Unit4 How do bits travel from one router to the next?

Hi! I hope you are all having a fabulous day.

I just finished Unit 4, hence my question.
I also just finished reading this Wikipedia page:

So I believe Professor Evans mentioned that bits are transferred through fiber optic cables, and the Wiki article also mentioned that fiber optic trunk lines are the medium of choice. The article also mentioned that satellites are used to transfer information.

So I'd like to learn more. Does anyone know why fiber optic cables are usually used? Is it just a cost effective choice? How is the integrity of the bits kept when traversing through many routers, even via satellite? How do bits traverse oceans? (I'm assuming by satellite)

If anyone would like to enlighten me, I would be most appreciated. :)

asked 24 Mar '12, 13:11

Chamomile's gravatar image


accept rate: 57%

edited 24 Mar '12, 13:11

3 Answers:

Fiber optic cables are less expensive and require less power to operate. http://computer.howstuffworks.com/fiber-optic4.htm

Most transoceanic transmission is done using fiber cables laid on the seabed. Using satellites would increase latency by a lot.


answered 24 Mar '12, 13:14

pmoriarty's gravatar image


Here's my stab:

Fiber Optics - wiki
more on Fiber Optics
Satellite Link
Good Quesitons

Not only are fiber optic cables getting cheaper, the transmission of data by way of light/Electro-Magetic Waves(EM) is faster than conventional copper/electrons.

"At the beginning of a fiber, the transmitter converts any electrical signal, whether it is analog or digital, into an optical signal. To transmit analog signals, the electronic inputs of the transmitter are used to modulate the light source, while for transmission of digital signals, the digital pulses are converted to light pulses. A converter on the receiver side of the fiber changes the light waves back into electrical signals. Different signals can be transmitted simultaneously using different wavelengths of the light in the optical fiber."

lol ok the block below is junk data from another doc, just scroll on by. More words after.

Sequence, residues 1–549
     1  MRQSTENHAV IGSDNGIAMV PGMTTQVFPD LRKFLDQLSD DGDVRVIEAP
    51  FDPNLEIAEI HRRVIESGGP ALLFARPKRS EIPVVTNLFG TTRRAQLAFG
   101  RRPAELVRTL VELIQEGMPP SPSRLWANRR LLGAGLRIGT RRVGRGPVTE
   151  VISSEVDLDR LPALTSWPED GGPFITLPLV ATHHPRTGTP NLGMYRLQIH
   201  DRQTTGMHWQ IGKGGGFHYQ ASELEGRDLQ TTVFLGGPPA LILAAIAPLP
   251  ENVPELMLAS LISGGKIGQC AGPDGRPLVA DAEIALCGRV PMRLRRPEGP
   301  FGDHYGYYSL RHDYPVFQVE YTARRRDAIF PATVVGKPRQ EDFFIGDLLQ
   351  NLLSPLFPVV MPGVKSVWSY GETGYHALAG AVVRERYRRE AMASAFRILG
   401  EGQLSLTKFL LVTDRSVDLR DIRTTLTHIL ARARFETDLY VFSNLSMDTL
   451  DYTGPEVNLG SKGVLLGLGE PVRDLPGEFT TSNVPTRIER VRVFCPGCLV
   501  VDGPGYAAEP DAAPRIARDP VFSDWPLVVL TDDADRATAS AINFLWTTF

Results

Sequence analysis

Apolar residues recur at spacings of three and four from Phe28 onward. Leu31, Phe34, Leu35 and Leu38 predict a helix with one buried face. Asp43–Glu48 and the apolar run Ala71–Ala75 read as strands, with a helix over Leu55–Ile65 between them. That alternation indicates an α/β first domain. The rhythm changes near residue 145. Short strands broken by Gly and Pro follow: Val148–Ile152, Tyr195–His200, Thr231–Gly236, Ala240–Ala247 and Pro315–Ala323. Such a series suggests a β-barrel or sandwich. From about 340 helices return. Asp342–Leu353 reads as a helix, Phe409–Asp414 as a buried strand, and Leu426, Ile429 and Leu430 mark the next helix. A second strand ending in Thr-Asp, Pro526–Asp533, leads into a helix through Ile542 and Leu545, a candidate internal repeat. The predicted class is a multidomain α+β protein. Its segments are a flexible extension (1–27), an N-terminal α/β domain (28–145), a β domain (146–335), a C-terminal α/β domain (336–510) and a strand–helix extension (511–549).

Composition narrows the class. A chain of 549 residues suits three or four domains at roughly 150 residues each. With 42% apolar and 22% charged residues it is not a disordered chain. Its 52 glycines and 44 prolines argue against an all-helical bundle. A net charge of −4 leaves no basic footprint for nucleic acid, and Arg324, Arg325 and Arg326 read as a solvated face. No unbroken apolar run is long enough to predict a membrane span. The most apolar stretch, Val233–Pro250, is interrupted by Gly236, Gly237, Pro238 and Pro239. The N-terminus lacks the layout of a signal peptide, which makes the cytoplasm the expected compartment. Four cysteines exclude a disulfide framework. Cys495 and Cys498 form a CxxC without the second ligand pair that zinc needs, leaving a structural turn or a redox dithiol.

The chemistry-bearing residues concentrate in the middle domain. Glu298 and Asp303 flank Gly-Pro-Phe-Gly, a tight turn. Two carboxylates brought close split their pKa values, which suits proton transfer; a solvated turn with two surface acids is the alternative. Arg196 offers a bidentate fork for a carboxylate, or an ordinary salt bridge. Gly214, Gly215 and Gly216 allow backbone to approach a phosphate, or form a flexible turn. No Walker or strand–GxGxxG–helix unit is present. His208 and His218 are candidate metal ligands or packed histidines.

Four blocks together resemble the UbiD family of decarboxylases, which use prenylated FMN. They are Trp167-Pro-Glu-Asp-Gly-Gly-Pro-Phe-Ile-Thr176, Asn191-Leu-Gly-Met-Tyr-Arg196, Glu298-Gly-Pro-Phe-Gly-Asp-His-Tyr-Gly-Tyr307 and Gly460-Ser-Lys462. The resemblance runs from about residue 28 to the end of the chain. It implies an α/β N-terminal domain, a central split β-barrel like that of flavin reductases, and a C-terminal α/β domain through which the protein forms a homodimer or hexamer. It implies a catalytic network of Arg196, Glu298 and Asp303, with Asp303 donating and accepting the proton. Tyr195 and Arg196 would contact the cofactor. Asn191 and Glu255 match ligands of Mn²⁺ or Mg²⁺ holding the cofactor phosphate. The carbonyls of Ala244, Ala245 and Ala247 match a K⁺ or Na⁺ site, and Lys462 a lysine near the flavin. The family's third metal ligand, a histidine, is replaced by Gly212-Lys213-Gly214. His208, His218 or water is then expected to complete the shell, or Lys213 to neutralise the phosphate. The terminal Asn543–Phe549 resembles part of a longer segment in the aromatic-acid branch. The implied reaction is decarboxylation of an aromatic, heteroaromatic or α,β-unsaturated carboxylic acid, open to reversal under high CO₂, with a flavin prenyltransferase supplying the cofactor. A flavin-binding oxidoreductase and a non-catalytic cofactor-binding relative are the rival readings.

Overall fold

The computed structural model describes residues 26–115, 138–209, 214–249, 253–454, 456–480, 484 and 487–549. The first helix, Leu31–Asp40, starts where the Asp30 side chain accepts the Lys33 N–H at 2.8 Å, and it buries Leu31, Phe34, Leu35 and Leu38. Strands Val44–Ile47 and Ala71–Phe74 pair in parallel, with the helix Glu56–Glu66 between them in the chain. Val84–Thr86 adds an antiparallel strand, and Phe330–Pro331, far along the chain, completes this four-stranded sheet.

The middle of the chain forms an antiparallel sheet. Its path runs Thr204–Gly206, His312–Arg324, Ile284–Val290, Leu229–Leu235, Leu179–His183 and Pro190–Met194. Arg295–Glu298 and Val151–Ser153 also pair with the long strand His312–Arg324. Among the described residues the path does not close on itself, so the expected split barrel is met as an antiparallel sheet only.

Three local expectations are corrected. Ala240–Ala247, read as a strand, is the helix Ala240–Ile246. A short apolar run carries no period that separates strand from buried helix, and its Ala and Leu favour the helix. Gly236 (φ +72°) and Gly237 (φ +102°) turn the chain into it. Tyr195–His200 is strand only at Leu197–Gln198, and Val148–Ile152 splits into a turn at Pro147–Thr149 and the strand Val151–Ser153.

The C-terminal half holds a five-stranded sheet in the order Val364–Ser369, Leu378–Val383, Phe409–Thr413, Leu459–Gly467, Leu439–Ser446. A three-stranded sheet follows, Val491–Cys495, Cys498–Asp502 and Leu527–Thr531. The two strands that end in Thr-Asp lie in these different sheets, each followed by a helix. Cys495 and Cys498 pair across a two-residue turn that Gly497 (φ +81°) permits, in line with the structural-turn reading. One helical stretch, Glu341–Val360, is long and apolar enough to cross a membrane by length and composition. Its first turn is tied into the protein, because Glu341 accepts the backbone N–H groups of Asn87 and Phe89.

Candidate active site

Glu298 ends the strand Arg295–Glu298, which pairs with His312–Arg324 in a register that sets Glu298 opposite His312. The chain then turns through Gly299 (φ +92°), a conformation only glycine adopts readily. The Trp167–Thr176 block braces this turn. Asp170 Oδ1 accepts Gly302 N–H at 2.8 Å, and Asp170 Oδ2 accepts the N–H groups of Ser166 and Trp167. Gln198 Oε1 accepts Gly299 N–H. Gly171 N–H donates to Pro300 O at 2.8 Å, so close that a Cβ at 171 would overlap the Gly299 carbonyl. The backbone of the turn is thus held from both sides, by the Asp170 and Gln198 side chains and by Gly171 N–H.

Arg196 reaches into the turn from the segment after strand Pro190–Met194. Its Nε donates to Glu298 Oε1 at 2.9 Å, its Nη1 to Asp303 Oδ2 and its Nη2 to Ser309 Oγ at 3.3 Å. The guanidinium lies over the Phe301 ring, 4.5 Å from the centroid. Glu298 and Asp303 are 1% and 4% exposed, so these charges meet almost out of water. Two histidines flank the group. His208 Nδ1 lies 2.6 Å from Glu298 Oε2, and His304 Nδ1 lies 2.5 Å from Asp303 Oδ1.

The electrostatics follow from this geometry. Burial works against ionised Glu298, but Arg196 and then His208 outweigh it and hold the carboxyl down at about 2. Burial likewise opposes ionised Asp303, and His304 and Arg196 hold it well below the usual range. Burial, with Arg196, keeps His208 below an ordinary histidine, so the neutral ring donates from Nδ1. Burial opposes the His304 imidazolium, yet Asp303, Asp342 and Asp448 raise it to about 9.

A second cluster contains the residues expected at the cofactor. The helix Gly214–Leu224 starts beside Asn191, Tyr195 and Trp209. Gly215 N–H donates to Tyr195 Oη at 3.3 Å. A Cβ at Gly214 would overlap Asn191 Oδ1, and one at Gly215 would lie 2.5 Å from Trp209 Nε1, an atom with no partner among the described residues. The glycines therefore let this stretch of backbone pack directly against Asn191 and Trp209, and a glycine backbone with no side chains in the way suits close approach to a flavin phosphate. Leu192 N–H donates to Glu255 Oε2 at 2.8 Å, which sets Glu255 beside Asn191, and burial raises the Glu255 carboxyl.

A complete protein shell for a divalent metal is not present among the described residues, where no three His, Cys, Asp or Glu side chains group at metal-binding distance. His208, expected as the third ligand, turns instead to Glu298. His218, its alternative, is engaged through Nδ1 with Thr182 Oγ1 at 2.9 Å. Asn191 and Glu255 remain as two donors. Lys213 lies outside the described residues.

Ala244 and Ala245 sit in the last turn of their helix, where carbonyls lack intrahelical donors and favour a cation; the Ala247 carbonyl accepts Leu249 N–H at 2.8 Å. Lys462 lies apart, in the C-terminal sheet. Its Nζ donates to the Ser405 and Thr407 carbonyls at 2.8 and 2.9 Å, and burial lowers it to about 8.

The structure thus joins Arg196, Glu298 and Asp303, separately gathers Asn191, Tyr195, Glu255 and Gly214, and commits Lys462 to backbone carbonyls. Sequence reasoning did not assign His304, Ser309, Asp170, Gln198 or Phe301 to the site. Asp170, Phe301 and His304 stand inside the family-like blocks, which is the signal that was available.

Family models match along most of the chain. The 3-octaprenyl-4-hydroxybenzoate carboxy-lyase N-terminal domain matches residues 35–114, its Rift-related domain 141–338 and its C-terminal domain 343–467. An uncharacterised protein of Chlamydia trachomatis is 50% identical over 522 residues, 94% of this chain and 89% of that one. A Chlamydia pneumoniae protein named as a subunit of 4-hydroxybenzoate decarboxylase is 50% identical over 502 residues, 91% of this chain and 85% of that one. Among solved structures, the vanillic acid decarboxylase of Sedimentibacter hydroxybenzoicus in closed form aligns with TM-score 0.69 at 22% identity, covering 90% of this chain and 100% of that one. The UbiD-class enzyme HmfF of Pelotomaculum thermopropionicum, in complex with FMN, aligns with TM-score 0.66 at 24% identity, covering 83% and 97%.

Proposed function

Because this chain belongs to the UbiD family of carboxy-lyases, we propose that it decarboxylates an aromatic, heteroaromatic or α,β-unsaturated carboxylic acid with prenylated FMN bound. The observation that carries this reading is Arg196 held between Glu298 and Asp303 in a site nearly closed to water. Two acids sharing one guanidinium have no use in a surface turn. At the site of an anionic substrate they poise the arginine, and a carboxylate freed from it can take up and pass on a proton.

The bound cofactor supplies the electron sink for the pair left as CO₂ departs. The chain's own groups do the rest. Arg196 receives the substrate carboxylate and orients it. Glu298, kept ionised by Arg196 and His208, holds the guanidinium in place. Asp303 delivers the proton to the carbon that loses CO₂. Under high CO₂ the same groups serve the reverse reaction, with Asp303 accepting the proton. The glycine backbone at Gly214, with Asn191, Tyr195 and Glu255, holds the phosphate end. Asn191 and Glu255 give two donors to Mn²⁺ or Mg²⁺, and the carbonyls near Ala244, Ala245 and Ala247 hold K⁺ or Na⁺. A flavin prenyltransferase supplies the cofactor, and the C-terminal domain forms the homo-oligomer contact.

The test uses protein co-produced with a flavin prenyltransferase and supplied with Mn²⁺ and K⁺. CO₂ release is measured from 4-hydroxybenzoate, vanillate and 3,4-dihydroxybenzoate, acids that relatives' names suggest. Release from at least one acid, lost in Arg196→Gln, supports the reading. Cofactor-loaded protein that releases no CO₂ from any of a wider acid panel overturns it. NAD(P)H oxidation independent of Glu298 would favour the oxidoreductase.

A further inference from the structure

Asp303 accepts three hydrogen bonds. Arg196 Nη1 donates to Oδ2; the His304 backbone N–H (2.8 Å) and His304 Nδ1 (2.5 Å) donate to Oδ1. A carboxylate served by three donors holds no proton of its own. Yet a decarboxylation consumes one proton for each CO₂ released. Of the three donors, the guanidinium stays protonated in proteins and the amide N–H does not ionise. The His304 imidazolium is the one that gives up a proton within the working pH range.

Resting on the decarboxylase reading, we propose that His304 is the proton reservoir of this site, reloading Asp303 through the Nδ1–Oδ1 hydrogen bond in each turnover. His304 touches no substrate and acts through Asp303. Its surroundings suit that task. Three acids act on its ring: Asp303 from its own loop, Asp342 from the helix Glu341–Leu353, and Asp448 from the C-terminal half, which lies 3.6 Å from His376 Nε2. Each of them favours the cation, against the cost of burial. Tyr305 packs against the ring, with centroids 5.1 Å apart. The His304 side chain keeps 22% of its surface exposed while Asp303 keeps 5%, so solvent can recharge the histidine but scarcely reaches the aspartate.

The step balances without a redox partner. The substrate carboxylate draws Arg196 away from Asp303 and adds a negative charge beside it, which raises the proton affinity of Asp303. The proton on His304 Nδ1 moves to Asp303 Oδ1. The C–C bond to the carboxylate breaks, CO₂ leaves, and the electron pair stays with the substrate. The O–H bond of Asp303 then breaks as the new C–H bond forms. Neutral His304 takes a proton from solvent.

The 'integrity' of data over long transmission depends on the signal strength, which decreases as it traverses the fiber cable (light scattering). To energize the signal modulators are placed along the fiber cable that amplify the signal so that the signal maintains its 'integrity'.

Satellites act like middle-men. They pass-on information that is being requested. There is also the problem with latency associated with satellites. Lets just say day traders DO NOT use a satellite connection but are heavily invested in fiber optics.

Bits traverse oceans via cables Fiber, Geography of Transport System and more recenlty UK to Japan.

This is really a huge topic but fun nonetheless. Learning about this stuff takes a while but connecting all the dots on how data/bits move around is amazing. Humans are interesting beings for sure.

Keep learning.

Interactive Transocean Cable Map
Check-out #11


answered 24 Mar '12, 13:50

dedos's gravatar image


edited 24 Mar '12, 14:06

Clearer map with names of the cable systems: http://submarine-cable-map-2013.telegeography.com/

(06 Jul '13, 20:08)


yihong's gravatar image

Does anyone know why fiber optic cables are usually used?

Fiber optics are typically deployed for long haul applications. Copper lines are what have previously been installed in many neighborhoods so many links between our homes and the first hop are copper ("last mile").

Is it just a cost effective choice?

It is expensive to install any link that is subterranean. That is why most of us can not get fiber to our homes. The telcos already paid to get copper to our homes and have little incentive to lay fiber.

How is the integrity of the bits kept when traversing through many routers, even via satellite?

In ethernet (as well as other protocols) data integrity is verified by the use of CRC for layer 2 packets. And checksums for layer 3,4. Other layers may have their own integrity checks.

In TCP (layer 4), when a CRC or checksum fails, often it is required to do a retransmission of the corrupted packet.

How do bits traverse oceans? (I'm assuming by satellite)

There are satellite links. There are also underwater links:


answered 24 Mar '12, 17:36

jksdrum's gravatar image


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Asked: 24 Mar '12, 13:11

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Last updated: 06 Jul '13, 20:08